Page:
Dr. Latt Mansor:And as we know, because myo is related to muscles and myokines in this sense acts as a signaling molecule to then initiate any form of pathway or events that then drive a reaction in the body.
Louisa Nicola:Yeah, absolutely. I love that. I love how you're defining the terms and please keep coming in on this. But I've got my notes here because I don't want to miss anything because there's some really interesting, I've sent you a review, but there's some really interesting data around these myokines. But let's talk about the first one, which I'm sure you can piggyback off me with this, IL-6, interleukin 6. It's part of the interleukin families and we see this being released in response to an immune response and sometimes it's a bad thing, correct?
Dr. Latt Mansor:Yeah, it's an inflammatory signaling molecule that gets secreted when we have an inflammatory response. And I've spoken about this in a lot of podcasts, that a lot of people think inflammation is bad, but inflammation is also a necessary mechanism which our body needs in order to battle against foreign invaders, bacteria, stress and all of that. It's a way for our body to tell the rest of our cells that we are dealing with a certain threat and therefore we need to have a mechanism to overcome it. So inflammation in and of itself is not necessarily bad. However, chronic inflammation, when you turn it up all day every day, that's when it becomes bad. So just a clarification out there, but IL-6, I know for a fact that in exercise you increase it hundreds of times because of the stress that you're putting your body through as well as the progressive load that you're putting your muscles through. Your muscles are tearing, you are telling your body, hey, you know, need to repair this. So, that's IL-6, interleukin 6.
Louisa Nicola:Interleukin 6, also they found that instead of being a detrimental thing, because it does get released tenfold, it is also released from the muscle into the bloodstream, crosses the blood brain barrier and has an effect again on the hippocampal subregions in a positive way.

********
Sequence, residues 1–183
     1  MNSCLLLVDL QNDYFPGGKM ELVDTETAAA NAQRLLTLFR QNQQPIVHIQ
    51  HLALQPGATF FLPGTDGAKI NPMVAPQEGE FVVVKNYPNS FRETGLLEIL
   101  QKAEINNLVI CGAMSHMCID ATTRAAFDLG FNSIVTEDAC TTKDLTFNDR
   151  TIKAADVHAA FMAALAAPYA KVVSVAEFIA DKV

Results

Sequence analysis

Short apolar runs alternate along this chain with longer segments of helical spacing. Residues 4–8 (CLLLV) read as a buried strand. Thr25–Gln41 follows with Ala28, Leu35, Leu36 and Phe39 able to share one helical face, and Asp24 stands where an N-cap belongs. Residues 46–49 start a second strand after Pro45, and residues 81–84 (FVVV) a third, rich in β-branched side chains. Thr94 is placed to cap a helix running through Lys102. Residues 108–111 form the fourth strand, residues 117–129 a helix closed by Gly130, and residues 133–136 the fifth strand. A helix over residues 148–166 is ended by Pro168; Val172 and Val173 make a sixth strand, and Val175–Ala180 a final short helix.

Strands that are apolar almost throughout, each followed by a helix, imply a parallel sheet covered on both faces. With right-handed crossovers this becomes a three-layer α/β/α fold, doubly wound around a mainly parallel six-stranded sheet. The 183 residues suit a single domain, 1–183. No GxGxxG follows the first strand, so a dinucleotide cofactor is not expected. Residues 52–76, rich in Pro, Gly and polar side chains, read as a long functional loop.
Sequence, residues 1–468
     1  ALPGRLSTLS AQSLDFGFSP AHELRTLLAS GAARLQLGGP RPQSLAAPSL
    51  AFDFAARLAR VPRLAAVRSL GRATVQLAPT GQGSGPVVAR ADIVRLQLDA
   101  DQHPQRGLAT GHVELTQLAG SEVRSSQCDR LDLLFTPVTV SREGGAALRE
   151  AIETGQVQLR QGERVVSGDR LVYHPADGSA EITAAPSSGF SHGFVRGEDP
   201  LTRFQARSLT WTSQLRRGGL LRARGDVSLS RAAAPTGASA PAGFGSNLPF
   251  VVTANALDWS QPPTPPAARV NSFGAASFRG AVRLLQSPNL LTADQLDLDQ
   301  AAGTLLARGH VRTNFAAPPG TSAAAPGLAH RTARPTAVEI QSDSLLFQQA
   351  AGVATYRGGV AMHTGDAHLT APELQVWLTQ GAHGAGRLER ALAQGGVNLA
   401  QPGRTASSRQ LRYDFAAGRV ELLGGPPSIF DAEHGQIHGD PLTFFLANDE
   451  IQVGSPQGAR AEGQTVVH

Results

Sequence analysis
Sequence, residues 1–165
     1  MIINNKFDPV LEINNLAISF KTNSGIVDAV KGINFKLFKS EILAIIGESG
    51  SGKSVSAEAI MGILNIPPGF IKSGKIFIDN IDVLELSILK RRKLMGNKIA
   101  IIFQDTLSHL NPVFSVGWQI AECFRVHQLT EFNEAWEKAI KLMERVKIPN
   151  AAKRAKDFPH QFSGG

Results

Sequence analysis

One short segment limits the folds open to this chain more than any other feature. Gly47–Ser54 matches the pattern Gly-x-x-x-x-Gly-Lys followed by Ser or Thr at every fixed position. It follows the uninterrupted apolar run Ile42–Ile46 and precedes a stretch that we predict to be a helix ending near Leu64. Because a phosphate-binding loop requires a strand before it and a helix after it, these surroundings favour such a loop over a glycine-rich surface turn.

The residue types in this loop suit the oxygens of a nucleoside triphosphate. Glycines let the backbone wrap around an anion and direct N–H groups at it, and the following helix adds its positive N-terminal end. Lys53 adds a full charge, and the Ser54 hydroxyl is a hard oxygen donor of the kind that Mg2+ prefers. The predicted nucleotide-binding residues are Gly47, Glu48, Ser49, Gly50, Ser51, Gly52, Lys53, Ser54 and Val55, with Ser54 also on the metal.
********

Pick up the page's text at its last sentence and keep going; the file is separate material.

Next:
Dr. Latt Mansor:Oh wow. I did not know that.
Louisa Nicola:And so that's a really important factor. Another important myokine that is released is irisin, also a hormone. So irisin comes from the Greek word iris and Iris was a messenger to the gods and this was founded in 2012 as well. And this is also doing the exact same thing. It's acting as a messenger molecule. It's actually, they've now coined this term which is, muscle brain crosstalk. So this also, once it's released from the muscles, has an effect on the expression of BDNF. So when it crosses a blood brain barrier, it shoots right through to the hippocampus and it helps with the expression of BDNF, therefore helps with the proliferation of neurons in the hippocampus and the areas around the hippocampus. So that's a beautiful thing.
Dr. Latt Mansor:Let's recap here. Let's recap here. So what I'm understanding is that when you exercise, you increase the secretion of IL-6, you increase the secretion of irisin and that goes to your brain, bypassing the blood brain barrier, giving signal to the hippocampus to release BDNF, which in turn increase the proliferation of neurons within the hippocampus and therefore creating a bigger mass of neurons so that you can function better, you can have an improved performance in cognition. Is that what I'm understanding?
Louisa Nicola:You've said it absolutely correct. Now there is this thing called neurogenesis, the creation of new neurons. And that's what's happening, the proliferation. Now, adult neurogenesis doesn't exist throughout the cerebral cortex. So it's not like you can go out and say, Wow, I can grow my brain. It doesn't work like that. If it did, we'd all be walking around with skulls just expanding. So that's not what's happening exactly. But it does happen within the hippocampus, which is why exercise is the best and first prescription when it comes to individuals who have been either diagnosed with early onset Alzheimer's Disease or Alzheimer's Disease. And lifestyle interventions with for neurodegenerative diseases often involves exercise to some capacity.
Dr. Latt Mansor:So that's a very interesting area that you just got in because what I've understood is that as an adult we can't really grow neurons, like you said. That's what I've always understood. And then when this paper came out, it talks about neurogenesis and you're really growing neuron in the hippocampus. So in your sort of expertise, what is the difference between the hippocampus area versus the rest of the brain that you can't grow new neurons? What's the physiology behind it? Why can't we grow new neurons, but you can grow it in the hippocampus?